Buck should not stop at Nawaz

The apex court handed down its judgment sending the prime minister home, the country finds itself at crossroads


Editorial July 29, 2017
Former Prime Minister Nawaz Sharif. PHOTO: REUTERS / FILE

There were scenes of celebrations by opposition parties across most of the TV channels in the hours after the Supreme Court delivered its landmark verdict in the Panamagate case. The prime minister, Nawaz Sharif, leader of the party that bears his name, has been disqualified. This is the third time he has failed to complete a constitutional tenure. It is now for parliament to select by election a new prime minister. The SC found that the PM and his family had assets whose origins they could not satisfactorily explain and which exceeded their known income. After all the Grand Guignol of the previous weeks and months the matter of ownership of Avenfield flats and alleged corruption on the part of the PM – there was no mention in the judgment.

What cost the PM his job was that he failed to disclose his earnings from his employment in a UAE-based offshore company called Capital FZE. He should have declared the earnings in his 2013 nomination papers and he did not. That was enough to see his ouster and the thousands of pages of ‘evidence’ and the countless hours of hearings over the last nine months withered to something of an irrelevance. The documents supporting the PM’s chairmanship of FZE are in the public domain and thus far undisputed. On that basis the SC found that the PM “is no more eligible to be an honest member of parliament, and he ceases to be holding the office of the prime minister”.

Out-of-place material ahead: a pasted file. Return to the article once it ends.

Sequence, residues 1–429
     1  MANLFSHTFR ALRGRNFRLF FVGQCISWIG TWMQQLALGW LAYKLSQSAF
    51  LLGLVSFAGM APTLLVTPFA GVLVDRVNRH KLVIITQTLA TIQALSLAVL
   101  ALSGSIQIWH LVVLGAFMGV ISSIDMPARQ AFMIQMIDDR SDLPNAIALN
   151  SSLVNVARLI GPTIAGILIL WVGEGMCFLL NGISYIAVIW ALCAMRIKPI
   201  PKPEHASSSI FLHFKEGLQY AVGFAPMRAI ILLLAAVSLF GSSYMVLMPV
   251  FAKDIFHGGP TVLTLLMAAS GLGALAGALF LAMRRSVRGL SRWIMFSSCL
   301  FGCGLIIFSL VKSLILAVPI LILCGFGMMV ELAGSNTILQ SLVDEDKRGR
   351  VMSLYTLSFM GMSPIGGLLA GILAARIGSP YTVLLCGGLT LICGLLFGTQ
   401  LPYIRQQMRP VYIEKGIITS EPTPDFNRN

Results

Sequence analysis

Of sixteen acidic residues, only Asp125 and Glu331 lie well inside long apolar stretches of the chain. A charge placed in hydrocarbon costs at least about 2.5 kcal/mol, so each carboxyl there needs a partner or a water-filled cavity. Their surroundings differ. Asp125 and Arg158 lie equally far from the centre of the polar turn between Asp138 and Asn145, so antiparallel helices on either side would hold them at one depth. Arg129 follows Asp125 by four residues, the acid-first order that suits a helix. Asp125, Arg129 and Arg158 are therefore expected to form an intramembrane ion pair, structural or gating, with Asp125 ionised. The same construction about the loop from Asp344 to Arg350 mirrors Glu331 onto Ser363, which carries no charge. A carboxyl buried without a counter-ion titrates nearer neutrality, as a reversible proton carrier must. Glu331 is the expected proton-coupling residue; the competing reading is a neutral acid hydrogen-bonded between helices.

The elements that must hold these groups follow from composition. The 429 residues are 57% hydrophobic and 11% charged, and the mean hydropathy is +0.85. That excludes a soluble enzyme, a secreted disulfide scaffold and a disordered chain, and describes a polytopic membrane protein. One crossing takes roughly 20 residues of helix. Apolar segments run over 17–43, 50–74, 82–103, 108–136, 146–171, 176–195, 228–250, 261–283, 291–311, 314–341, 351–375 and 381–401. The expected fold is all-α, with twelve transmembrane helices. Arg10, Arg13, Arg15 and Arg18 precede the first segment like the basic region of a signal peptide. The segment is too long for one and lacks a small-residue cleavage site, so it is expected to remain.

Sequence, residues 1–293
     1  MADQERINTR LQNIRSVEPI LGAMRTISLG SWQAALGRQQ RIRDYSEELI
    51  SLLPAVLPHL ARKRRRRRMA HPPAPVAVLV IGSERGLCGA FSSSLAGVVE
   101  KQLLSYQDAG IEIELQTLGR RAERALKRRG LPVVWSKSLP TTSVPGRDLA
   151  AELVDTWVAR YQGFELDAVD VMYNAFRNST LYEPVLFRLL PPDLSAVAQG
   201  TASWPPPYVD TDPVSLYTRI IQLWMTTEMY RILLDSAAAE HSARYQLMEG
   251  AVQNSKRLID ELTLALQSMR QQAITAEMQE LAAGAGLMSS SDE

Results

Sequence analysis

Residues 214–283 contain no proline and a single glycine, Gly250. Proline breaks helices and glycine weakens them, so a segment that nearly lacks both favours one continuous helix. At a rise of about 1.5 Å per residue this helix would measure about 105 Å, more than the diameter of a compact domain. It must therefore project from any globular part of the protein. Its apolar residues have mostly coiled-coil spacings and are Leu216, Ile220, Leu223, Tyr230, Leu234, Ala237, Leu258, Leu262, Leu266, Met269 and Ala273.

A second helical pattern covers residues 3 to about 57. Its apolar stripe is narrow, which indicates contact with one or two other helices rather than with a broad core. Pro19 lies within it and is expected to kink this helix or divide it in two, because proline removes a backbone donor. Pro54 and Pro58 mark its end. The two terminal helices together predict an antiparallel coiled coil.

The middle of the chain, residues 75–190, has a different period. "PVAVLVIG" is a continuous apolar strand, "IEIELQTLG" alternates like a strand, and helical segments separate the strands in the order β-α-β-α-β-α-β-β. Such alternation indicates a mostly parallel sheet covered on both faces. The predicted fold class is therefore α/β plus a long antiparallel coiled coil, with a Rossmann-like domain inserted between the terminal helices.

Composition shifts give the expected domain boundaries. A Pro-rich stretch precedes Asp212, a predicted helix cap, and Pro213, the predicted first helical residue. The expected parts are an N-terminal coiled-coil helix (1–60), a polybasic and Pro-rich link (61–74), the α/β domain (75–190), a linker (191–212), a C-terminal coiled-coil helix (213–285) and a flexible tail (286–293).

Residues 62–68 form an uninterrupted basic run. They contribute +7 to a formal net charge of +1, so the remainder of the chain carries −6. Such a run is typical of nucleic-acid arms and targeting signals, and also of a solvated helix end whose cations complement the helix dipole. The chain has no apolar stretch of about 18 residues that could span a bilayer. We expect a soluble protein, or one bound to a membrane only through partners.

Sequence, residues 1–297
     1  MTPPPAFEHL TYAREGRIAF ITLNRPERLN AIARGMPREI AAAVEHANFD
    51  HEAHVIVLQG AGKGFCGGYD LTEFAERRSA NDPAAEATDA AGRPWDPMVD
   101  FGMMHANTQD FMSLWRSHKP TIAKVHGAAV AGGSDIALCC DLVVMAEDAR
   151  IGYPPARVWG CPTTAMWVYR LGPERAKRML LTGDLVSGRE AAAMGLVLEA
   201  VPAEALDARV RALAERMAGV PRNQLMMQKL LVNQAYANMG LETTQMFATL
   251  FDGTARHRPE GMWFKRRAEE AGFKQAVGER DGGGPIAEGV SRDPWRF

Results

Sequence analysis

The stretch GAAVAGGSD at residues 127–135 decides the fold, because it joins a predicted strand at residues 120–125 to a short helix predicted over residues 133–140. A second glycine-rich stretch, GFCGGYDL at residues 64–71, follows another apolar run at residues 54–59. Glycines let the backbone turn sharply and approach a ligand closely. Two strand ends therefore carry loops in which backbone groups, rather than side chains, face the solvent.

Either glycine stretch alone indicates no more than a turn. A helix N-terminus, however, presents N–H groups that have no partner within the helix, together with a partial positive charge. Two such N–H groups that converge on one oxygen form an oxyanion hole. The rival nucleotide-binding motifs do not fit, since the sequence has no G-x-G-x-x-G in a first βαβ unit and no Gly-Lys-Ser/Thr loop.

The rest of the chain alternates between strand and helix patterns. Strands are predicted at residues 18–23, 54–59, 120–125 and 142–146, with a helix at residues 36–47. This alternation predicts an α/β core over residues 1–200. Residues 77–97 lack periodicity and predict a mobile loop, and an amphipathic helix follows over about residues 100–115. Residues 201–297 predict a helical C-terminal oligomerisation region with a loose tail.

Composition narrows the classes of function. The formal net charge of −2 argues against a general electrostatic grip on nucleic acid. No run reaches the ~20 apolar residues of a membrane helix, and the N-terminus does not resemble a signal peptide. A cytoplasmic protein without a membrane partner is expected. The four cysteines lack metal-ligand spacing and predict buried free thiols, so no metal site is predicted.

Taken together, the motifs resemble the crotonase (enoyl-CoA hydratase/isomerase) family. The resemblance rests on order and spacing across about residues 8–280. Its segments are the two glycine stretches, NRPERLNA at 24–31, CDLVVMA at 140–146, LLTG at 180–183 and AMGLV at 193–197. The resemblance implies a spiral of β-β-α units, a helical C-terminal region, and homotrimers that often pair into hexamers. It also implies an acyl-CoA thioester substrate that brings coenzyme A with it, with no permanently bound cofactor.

What follows now is a period of uncertainty once the media circus has run out of steam and headlines. All political leaders are open to criticism and Sharif is no different — His government had not tamed circular debt or fixed the power crisis. As a leader he often appeared insipid. His conduct of international relations was halting at best. All that and more, but despite a basket of flaws the Sharif government kept the country more or less head to wind and perceptions of failed state receded.

As the apex court has handed down its judgment sending the elected prime minister home, the country finds itself at a crossroads. Given how gargantuan the security challenges are, it can scarcely afford political instability or economic meltdown. If Sharif’s party chooses to play the victim card and takes the matter to the public, it could entail just that — unending chaos. The only sagacious course for Sharif is to submit to the Supreme Court ruling with grace, and all indications are that he has. If he had not, the law of the jungle, to borrow the diction of his close aide Chaudhry Nisar Ali Khan, would have prevailed. Going into the protest mode and whipping up rabid sentiments on the street was bound to make matters worse. The ruling party will serve its interest best if it exhausts all legal avenues open to it for a redress. It clearly has an option to go for a review of the court verdict even as it installs Sharif’s replacement as the stop-gap prime minister. At the same time, the process of accountability, beginning with the unseating of the sitting premier, must cast its net wider and be across the board. At least, the other characters named in the trove of Panama Papers, no matter which party they belong to, should also be investigated, so that justice is done and seen to have been done.

Published in The Express Tribune, July 29th, 2017.

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